Although all of this is lost, these images (“rerembrandtsers,” 54.02) link us to that past. Are all these personages dead, “ended or sleeping soundlessly”? (54.05). We are asked both to see (54.01) and to hear (“Intendite!“, a demand for attention, but also entendre, to hear and understand).
We seem to be able to hear elements of the story even in the macaronic hubbub of a crowd of voices, all of it at sixes and sevens (“like sixes and seventies”) but nevertheless “as eversure as Halley’s comet” (54.07-08)—which has a period of 76 years.
[In many ways, Finnegans Wake acts out one of the functions of the comet as dominant symbol in the “Ithaca” chapter of Ulysses, according to the Gilbert schema. There, in that chapter where the very possibility of narrative closure is such an acute question, the comet’s two possible orbits represent the options. On the one hand, there are comets like Halley’s, with an elliptical orbit. It may take many years, but they return. Others, though, may have a parabolic orbit; caught by the sun’s gravity well in their trajectories across interstellar space, they swing by the sun once, only to disappear again, forever beyond the solar system. How do we tell which is which on a single observation? Will this story resolve in some sense, or will it not? “Ithaca” catches it beautifully:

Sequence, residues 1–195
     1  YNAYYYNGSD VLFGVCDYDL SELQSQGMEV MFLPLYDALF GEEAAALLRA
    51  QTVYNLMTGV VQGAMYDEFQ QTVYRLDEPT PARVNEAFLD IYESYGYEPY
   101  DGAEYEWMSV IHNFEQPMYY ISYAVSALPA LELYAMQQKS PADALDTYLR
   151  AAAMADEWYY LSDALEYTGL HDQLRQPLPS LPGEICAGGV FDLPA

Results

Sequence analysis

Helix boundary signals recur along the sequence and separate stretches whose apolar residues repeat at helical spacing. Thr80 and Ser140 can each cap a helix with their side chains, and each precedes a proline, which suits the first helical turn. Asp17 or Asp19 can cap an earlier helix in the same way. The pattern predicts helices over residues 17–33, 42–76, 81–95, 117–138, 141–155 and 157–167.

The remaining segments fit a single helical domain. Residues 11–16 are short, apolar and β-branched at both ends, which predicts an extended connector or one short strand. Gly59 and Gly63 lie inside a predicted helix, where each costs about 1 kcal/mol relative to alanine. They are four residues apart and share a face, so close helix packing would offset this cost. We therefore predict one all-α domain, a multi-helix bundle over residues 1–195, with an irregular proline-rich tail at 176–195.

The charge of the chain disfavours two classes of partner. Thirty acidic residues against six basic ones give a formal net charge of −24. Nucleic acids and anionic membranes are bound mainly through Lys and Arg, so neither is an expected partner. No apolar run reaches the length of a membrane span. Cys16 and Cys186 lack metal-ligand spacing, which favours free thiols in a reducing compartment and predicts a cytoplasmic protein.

once in the summer of 1898 he (Bloom) had marked a florin (2/-) with three notches on the milled edge and tendered it in payment of an account due to and received by J. and T. Davy, family grocers, 1 Charlemont Mall, Grand Canal, for circulation on the waters of civic finance, for possible, circuitous or direct, return.
Had Bloom’s coin returned?
Never. (U 17.980-84, 88-89)
But it may, of course, be in his change at the pork butcher’s the next morning.]
We can even hear the voice of HCE (“Mass Travener,” master taverner) on the radio (“at the mike again,” 54.21-22), advertising the quality of his wares, which are as straight as the Wellington monument (54.28). If we can gauge his guilt by his propensity to stutter, we have not only his claim to be “ohoh open” (54.28), but a massive interruption in the middle of the word “gllll…lobe,” in which a parenthesis describing his anxious perspiration develops two further internal parentheses of its own before the word can finish:
my guesthouse and cowhaendel credits will immediately stand ohoh open as straight as that neighbouring monument’s fabrication before the hygienic gllll
(this was where the reverent sabboth and bottlebreaker with firbalk forthstretched touched upon his tricoloured boater, which he uplifted by its pickledhoopy